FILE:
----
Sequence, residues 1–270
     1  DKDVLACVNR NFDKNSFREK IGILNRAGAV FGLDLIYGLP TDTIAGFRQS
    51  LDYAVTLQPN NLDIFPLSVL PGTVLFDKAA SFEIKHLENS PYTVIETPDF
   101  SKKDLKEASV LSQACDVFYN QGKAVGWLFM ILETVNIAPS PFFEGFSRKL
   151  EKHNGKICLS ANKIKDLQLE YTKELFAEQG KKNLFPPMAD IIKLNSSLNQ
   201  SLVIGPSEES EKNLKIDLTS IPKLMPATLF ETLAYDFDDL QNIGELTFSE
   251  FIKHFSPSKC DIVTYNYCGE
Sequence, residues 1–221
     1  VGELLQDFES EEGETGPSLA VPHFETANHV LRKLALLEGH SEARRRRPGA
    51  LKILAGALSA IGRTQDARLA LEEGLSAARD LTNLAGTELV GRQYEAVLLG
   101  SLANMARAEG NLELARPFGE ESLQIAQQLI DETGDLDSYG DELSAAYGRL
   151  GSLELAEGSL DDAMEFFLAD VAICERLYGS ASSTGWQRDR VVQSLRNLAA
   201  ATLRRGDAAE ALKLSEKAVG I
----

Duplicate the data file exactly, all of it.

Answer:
Sequence, residues 1–270
     1  DKDVLACVNR NFDKNSFREK IGILNRAGAV FGLDLIYGLP TDTIAGFRQS
    51  LDYAVTLQPN NLDIFPLSVL PGTVLFDKAA SFEIKHLENS PYTVIETPDF
   101  SKKDLKEASV LSQACDVFYN QGKAVGWLFM ILETVNIAPS PFFEGFSRKL
   151  EKHNGKICLS ANKIKDLQLE YTKELFAEQG KKNLFPPMAD IIKLNSSLNQ
   201  SLVIGPSEES EKNLKIDLTS IPKLMPATLF ETLAYDFDDL QNIGELTFSE
   251  FIKHFSPSKC DIVTYNYCGE
Sequence, residues 1–221
     1  VGELLQDFES EEGETGPSLA VPHFETANHV LRKLALLEGH SEARRRRPGA
    51  LKILAGALSA IGRTQDARLA LEEGLSAARD LTNLAGTELV GRQYEAVLLG
   101  SLANMARAEG NLELARPFGE ESLQIAQQLI DETGDLDSYG DELSAAYGRL
   151  GSLELAEGSL DDAMEFFLAD VAICERLYGS ASSTGWQRDR VVQSLRNLAA
   201  ATLRRGDAAE ALKLSEKAVG I